The physical properties of cells are promising biomarkers for cancer diagnosis and prognosis. Here we determine the physical phenotypes that best distinguish human cancer cell lines, and their relationship to cell invasion. We use the high throughput, single-cell microfluidic method, quantitative deformability cytometry (q-DC), to measure six physical phenotypes including elastic modulus, cell fluidity, transit time, entry time, cell size, and maximum strain at rates of 102 cells per second. By training a k-nearest neighbor machine learning algorithm, we demonstrate that multiparameter analysis of physical phenotypes enhances the accuracy of classifying cancer cell lines compared to single parameters alone. We also discover a set of four physical phenotypes that predict invasion; using these four parameters, we generate the physical phenotype model of invasion by training a multiple linear regression model with experimental data from a set of human ovarian cancer cells that overexpress a panel of tumor suppressor microRNAs. We validate the model by predicting invasion based on measured physical phenotypes of breast and ovarian human cancer cell lines that are subject to genetic or pharmacologic perturbations. Taken together, our results highlight how physical phenotypes of single cells provide a biomarker to predict the invasion of cancer cells.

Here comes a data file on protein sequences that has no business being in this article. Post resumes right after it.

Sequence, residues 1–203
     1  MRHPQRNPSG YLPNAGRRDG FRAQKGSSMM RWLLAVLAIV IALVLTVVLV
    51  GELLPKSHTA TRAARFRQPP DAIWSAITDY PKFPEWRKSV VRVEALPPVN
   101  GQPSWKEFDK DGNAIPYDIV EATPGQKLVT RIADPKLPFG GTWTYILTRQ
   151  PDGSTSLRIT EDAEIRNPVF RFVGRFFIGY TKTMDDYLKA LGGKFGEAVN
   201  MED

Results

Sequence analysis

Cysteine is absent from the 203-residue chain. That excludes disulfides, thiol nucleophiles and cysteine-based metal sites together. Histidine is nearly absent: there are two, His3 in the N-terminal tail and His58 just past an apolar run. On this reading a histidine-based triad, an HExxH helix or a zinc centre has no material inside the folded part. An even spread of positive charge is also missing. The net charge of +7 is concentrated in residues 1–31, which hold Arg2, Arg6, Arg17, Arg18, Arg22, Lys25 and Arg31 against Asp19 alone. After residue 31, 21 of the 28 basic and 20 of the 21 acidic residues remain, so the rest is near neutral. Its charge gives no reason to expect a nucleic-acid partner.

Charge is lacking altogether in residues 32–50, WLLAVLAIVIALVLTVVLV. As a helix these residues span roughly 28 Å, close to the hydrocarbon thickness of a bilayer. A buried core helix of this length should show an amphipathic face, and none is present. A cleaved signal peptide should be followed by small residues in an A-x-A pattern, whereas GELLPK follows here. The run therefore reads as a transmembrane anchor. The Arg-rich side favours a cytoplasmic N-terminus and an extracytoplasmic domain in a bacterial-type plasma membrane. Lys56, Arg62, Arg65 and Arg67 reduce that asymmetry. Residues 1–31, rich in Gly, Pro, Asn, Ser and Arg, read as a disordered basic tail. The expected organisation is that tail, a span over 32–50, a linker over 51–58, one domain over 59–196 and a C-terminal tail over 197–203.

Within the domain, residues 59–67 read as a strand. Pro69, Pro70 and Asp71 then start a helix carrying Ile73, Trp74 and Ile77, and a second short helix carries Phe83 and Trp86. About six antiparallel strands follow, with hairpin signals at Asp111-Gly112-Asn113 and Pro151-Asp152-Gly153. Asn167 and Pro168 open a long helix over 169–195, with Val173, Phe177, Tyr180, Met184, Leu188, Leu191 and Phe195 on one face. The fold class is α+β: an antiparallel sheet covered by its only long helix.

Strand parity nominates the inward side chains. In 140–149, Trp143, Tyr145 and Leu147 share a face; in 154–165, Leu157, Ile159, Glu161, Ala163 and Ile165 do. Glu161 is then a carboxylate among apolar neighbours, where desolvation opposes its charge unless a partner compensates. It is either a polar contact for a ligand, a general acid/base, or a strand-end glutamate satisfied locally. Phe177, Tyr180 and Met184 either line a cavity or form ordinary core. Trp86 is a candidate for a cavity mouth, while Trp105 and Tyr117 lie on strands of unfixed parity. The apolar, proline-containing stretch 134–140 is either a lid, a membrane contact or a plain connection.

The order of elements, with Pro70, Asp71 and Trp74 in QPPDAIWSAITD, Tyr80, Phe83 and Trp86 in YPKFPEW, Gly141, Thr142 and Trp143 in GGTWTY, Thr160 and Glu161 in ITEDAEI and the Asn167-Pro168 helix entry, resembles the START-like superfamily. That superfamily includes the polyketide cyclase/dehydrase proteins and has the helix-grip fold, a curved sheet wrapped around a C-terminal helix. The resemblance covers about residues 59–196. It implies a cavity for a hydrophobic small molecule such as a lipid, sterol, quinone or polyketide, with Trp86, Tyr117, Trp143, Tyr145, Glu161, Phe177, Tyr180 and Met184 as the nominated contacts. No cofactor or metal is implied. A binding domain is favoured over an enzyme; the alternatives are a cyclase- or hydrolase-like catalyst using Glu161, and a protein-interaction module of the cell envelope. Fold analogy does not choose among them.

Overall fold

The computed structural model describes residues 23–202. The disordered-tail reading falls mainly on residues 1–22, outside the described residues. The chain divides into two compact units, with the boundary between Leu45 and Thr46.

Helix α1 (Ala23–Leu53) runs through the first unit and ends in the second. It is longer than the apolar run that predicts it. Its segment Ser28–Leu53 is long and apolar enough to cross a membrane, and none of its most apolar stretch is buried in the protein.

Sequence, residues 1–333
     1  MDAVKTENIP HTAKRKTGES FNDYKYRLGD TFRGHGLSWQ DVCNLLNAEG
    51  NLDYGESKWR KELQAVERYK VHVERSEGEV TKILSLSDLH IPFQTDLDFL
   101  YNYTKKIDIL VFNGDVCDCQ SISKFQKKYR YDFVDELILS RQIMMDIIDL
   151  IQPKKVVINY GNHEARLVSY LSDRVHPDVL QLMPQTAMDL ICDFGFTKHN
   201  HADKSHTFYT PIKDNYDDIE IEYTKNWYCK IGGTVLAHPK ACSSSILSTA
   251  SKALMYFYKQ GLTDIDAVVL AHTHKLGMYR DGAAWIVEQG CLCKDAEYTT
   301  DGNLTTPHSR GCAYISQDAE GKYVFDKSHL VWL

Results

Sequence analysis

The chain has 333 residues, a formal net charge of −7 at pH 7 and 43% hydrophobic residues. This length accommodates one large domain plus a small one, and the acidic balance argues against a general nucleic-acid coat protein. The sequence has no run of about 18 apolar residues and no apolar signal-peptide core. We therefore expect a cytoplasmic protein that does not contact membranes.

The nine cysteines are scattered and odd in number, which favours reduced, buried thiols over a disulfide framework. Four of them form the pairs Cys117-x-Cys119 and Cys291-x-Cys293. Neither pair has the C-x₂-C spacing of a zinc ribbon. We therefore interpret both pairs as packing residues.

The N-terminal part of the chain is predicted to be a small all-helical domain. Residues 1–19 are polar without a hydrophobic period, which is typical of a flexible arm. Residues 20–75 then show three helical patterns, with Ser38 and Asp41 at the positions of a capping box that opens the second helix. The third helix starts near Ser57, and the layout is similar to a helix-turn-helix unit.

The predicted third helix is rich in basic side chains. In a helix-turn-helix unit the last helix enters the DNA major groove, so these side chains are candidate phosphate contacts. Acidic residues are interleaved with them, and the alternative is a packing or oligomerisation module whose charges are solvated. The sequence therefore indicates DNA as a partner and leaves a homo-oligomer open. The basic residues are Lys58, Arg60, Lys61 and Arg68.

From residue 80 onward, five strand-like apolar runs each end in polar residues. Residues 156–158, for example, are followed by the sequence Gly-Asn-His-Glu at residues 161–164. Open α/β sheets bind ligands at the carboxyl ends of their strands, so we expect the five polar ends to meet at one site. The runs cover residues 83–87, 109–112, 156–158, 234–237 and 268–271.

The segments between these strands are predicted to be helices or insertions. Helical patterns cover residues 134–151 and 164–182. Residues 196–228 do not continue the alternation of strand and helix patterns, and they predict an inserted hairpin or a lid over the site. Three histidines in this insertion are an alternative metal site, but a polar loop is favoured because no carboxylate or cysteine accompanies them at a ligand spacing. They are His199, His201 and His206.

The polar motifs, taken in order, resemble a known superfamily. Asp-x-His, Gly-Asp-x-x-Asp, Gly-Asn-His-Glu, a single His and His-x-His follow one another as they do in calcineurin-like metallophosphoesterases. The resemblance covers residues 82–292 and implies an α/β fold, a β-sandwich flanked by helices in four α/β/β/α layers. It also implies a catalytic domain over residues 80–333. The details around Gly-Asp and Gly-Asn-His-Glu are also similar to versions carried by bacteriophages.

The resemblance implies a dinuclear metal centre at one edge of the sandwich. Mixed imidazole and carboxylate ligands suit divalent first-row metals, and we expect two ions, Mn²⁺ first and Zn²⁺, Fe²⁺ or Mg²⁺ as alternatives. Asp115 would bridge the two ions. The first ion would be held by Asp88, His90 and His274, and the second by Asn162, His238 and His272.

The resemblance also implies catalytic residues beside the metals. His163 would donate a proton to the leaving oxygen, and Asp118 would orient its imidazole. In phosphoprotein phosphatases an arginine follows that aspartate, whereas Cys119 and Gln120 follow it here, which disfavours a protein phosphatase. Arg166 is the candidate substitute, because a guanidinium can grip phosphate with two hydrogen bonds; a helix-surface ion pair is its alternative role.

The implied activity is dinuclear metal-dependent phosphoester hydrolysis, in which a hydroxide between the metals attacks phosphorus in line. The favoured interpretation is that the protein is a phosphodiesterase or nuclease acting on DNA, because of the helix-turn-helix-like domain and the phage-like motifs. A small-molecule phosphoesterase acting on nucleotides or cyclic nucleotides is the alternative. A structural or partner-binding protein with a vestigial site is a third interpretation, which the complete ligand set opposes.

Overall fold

|Number of pages||14|
|Journal||Integrative Biology: Quantitative Biosciences from Nano to Macro|
|Publication status||Published - 1 Apr 2018|